Many years ago, I purchased Masterclips 1,250,000. It is a set of about 14 GB of images split between 28 or so CD's. The included MasterClips browsing software still works, more or less, on a modern Windows 7 system. However, the interface is quite old and clunky. For example, the middle mouse wheel is not supported, thumbnail images are tiny and dithered, and search is very slow. Also the MDI window management is horrible.

The images files themselves are freely accessible. Picasa or even Windows explorer work well for browsing the images. However the meta-data about each image (textual descriptions) is locked in binary *.DCF files. So the question is:

Is there any way to extract the textual descriptions (along with the associated filenames) from these MasterClips DCF files? Or is there a more recent version of the MasterClips browser available that is more pleasant to use?

Actually, I'm just curious what's up with the name: "EmilyMarieDaunt" (see below)

Some information that may help:

  • The MasterClips browser is version (from details property page of the executable file: FrontLine.exe)
  • Copyright 1998
  • The "About" box refers to a license from RasterMaster Imaging Technology from Snowbound Software.
  • The "Open" dialog refers to *.DCF;*.PAQ files as GCG3 Library files.
  • There is a File menu option to create new *.DCF;*.PAQ files.
  • The most recent version of this software seems to be: ClipArt&More 3.5 Million. I'm not sure if this version uses the same catalog format.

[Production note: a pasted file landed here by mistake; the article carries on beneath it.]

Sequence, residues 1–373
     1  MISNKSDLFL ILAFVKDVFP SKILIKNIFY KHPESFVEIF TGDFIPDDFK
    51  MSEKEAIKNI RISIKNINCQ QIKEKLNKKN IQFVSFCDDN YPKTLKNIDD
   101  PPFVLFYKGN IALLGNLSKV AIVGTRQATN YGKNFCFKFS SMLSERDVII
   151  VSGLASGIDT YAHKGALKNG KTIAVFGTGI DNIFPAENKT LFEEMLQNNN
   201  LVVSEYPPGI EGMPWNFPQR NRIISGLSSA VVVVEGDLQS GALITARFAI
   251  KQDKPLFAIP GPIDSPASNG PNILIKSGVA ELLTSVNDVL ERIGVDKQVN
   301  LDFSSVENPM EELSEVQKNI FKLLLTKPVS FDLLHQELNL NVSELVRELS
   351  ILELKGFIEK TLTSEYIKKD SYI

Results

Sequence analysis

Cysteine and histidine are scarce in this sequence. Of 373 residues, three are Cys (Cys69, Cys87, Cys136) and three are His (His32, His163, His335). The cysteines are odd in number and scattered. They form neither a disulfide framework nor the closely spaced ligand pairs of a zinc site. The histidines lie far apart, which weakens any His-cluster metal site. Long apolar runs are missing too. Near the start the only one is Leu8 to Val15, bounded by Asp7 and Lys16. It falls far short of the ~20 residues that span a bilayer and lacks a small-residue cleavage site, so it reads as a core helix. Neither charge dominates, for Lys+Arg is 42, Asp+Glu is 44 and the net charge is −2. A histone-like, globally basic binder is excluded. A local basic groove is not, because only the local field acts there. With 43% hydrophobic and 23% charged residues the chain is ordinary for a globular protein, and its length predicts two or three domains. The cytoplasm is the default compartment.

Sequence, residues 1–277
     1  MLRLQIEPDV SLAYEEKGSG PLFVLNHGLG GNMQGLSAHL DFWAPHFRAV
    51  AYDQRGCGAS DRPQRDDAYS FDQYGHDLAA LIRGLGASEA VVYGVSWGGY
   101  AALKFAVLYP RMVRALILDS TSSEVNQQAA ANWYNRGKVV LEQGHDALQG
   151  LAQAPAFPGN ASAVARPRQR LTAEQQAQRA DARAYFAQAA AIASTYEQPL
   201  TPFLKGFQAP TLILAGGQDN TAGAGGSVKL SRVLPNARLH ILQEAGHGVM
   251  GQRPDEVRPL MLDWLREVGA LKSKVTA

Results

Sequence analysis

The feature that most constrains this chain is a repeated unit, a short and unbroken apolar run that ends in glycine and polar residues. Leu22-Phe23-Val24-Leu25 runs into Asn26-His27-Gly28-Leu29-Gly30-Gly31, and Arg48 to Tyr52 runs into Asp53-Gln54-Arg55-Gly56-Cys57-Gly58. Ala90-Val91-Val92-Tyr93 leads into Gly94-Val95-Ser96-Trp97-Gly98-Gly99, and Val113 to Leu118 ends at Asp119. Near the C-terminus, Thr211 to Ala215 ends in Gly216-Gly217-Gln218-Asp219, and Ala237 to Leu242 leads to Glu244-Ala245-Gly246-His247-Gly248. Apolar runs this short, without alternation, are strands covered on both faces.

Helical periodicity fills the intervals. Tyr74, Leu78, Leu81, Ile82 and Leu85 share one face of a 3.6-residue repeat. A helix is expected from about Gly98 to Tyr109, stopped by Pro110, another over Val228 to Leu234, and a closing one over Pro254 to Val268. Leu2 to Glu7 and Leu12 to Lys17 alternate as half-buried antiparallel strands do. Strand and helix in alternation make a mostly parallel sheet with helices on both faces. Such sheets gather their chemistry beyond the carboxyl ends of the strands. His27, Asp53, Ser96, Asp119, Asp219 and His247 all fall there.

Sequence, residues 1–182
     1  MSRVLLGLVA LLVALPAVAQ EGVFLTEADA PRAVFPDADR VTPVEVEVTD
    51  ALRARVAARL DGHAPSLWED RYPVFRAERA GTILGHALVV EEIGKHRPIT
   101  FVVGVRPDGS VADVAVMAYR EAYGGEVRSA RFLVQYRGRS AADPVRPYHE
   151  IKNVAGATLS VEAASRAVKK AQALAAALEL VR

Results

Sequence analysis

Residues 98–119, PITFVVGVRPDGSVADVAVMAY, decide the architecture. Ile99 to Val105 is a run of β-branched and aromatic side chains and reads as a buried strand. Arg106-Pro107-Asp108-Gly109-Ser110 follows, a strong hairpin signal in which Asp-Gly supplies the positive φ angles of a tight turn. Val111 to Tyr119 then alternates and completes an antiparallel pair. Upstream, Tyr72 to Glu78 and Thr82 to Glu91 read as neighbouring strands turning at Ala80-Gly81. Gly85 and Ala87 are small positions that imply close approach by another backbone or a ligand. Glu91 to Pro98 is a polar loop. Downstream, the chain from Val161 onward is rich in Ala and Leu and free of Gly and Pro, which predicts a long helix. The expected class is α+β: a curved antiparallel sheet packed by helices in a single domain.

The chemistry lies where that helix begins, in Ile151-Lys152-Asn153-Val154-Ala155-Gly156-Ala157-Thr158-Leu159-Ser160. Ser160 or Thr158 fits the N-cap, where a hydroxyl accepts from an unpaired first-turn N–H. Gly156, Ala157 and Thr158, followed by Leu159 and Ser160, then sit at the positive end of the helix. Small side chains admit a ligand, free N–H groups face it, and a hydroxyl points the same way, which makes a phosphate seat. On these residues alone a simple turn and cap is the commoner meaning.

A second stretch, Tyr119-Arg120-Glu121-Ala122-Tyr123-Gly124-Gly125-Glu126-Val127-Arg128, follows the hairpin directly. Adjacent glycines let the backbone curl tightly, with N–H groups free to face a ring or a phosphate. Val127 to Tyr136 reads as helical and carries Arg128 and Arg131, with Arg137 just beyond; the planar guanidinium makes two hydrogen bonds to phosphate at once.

I extracted the strings from 500 of the smaller DCF files. Interesting strings that came up often:

  • All the DCF files start with "EKIF" at the very beginning.
  • The name "EmilyMarieDaunt" occurs over 2,300 times.
  • "Sine Labore Nihil" also occurs over 600 times.
  • The date "04/11/90" occurs exactly as many times as "Sine Labore Nihil"
  • "1992 ACCUSOFT INC, ALL RIGHTS RESERVED" occurs 48 times.

I have shared four of the DCF files for anyone who wants to inspect them:


An archive of the ISO images are available on archive.org, now. It's a slightly different set, but should have the same DCF format files.


1 Answer 1


DCF seems to be a standard and specifications exist, so there's no need for reverse-engineering.

Since DCF is based on EXIF, exifdump (a Python script) could probably be adapted to read them. That's gonna require a little programming, but will certainly be much easier than writing a parser from scratch.

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